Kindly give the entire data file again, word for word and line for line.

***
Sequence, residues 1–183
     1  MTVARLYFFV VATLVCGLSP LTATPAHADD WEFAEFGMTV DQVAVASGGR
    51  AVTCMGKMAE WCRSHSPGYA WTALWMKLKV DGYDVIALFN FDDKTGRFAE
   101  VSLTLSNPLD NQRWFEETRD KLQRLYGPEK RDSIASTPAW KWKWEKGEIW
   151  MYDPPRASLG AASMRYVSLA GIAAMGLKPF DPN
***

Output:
Sequence, residues 1–183
     1  MTVARLYFFV VATLVCGLSP LTATPAHADD WEFAEFGMTV DQVAVASGGR
    51  AVTCMGKMAE WCRSHSPGYA WTALWMKLKV DGYDVIALFN FDDKTGRFAE
   101  VSLTLSNPLD NQRWFEETRD KLQRLYGPEK RDSIASTPAW KWKWEKGEIW
   151  MYDPPRASLG AASMRYVSLA GIAAMGLKPF DPN